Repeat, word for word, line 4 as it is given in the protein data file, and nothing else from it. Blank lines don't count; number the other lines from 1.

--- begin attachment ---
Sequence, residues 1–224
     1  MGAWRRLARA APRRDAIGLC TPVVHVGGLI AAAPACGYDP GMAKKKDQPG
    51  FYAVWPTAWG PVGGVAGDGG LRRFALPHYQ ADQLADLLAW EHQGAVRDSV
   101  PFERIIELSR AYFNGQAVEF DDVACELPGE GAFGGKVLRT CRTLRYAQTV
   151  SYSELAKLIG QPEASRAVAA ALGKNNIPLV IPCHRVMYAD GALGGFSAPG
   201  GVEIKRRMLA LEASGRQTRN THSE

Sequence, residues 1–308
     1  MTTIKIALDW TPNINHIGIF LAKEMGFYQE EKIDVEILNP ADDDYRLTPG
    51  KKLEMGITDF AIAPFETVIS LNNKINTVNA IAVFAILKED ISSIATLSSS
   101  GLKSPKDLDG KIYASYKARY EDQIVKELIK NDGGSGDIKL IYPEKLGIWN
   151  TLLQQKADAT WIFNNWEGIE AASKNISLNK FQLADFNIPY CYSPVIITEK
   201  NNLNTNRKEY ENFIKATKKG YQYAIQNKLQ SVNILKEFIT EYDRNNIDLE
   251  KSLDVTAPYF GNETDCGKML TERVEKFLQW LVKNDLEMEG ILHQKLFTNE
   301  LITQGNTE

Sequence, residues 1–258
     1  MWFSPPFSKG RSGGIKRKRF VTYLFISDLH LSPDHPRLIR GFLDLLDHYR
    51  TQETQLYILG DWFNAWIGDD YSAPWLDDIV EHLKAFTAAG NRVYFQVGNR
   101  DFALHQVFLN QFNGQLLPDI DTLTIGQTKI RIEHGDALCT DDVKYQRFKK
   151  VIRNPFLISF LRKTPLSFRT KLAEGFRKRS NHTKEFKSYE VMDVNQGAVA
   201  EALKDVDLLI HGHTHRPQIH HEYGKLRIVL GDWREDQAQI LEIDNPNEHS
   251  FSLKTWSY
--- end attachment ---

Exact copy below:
   101  PFERIIELSR AYFNGQAVEF DDVACELPGE GAFGGKVLRT CRTLRYAQTV